Over the last month or so, I’ve been feeling pretty good about my fitness. I’ve been working out consistently and enjoying some pretty cool adventures on my mountain bike. And last weekend I headed up to the Fraser Valley/Winter Park area with my family and the rare chance to go on a long bike ride with my wife. The last time we rode together was in early May, and back then we had very compatible paces and had a great time. On Saturday, however, she quietly and steadily rode away from me on the first hill, never to be caught until she stopped to wait, and wait, for me.
This was humbling, to say the least. It was also very uncomfortable. In a couple of powerful pedal strokes, my wife snapped me out of the nice little dream world that I had been living in and recalibrated all my perceived workout intensities. Where she had kept pushing herself and growing stronger while training for an Olympic distance triathlon this weekend, I was literally spinning my wheels. The weird thing is that all this time, I thought I was working hard. Only now do I recall that, over the last month, she’s come back from her swims, bikes, and runs totally wasted and sore while I’d come back from a workout feeling energized and refreshed.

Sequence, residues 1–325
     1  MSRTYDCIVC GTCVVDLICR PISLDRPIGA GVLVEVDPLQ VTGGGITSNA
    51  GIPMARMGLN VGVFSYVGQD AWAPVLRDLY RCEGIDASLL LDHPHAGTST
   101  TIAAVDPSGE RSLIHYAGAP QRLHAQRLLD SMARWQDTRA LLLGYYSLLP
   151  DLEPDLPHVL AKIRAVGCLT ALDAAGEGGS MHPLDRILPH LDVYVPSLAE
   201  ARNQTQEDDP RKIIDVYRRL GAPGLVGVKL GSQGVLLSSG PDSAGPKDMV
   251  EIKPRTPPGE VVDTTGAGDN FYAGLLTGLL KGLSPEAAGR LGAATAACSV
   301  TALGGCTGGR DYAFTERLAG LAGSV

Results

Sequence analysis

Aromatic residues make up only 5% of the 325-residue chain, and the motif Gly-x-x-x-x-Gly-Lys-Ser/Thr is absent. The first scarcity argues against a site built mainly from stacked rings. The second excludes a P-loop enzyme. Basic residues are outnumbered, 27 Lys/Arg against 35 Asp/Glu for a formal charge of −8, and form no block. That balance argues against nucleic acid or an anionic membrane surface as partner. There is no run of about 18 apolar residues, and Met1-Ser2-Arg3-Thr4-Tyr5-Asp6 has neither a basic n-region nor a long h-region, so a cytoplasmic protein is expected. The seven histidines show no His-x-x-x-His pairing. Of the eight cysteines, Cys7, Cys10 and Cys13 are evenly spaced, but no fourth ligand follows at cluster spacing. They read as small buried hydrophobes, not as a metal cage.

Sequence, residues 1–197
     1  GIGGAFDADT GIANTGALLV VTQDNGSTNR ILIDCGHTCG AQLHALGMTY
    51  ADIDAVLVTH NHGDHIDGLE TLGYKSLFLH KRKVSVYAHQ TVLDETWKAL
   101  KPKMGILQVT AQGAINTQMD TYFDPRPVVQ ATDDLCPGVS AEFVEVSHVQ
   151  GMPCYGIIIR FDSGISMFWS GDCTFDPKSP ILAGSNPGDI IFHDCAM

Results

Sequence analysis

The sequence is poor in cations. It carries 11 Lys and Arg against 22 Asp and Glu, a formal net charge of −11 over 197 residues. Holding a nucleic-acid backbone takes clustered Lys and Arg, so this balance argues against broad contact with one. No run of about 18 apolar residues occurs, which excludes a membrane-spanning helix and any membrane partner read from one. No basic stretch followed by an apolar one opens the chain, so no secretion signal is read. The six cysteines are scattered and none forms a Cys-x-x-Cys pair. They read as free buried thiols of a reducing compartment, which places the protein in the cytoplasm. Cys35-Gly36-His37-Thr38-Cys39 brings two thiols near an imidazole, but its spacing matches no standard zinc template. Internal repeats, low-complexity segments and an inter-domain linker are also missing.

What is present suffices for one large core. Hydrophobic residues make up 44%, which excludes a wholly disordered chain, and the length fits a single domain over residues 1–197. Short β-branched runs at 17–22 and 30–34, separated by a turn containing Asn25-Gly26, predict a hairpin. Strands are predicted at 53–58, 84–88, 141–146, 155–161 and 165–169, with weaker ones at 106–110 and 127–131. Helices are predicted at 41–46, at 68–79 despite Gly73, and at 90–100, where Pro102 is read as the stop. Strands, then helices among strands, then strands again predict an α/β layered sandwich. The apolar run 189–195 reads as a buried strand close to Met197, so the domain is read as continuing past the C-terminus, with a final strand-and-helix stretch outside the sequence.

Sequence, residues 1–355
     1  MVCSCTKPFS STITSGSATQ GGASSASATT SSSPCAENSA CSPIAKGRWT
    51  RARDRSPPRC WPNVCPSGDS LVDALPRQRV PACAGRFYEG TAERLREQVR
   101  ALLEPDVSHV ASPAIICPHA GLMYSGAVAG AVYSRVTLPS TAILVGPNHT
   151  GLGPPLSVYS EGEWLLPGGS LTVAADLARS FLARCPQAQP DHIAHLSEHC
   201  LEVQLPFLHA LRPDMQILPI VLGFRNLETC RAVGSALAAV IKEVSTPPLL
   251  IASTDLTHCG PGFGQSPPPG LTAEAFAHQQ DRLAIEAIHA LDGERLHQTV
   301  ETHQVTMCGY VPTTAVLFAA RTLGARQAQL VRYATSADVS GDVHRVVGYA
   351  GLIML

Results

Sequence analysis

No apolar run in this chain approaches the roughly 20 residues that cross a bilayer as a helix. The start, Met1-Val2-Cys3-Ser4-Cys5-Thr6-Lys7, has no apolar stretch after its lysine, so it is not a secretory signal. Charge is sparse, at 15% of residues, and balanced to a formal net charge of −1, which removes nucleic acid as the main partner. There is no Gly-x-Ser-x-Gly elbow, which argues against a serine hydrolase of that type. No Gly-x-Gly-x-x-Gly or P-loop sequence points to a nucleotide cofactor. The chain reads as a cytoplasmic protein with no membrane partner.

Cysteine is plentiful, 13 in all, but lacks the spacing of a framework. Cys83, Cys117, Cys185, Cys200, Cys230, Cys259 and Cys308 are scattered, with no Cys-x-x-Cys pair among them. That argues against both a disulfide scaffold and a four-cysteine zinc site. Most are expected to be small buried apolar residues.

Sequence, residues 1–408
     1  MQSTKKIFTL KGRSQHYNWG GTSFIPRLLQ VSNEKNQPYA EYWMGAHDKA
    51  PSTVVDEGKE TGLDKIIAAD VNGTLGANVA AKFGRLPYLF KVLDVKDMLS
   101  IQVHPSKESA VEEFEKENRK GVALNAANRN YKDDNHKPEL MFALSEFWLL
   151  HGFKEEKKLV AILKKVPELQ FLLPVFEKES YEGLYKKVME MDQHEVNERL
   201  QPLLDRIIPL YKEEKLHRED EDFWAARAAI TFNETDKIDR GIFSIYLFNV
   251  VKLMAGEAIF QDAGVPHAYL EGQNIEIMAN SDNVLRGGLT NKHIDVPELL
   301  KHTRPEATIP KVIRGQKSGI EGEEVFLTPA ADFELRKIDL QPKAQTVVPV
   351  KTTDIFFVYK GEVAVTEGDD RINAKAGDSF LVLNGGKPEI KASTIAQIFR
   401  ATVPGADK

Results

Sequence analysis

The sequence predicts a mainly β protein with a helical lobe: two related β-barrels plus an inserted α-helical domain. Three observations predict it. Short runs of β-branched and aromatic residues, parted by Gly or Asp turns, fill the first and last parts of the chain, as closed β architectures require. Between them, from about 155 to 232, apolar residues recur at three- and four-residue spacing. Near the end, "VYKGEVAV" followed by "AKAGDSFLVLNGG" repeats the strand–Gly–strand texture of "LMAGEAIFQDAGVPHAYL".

The next day my wife went out on a trail run while I rode up Berthoud Pass for an hour. This time, however, I pushed myself harder than I had in weeks: my back hurt, my quads felt like they were going to explode, and I was breathing harder than a man trying to avoid drowning. And I didn’t die.
But in addition to redefining "hard" for me, I realized that I'd found my focus again. So instead of merely riding to enjoy the ride, I now ride with a purpose. As a result, I know I can look forward to growing stronger and faster. Maybe in a few weeks, I’ll finally be able to catch my wife.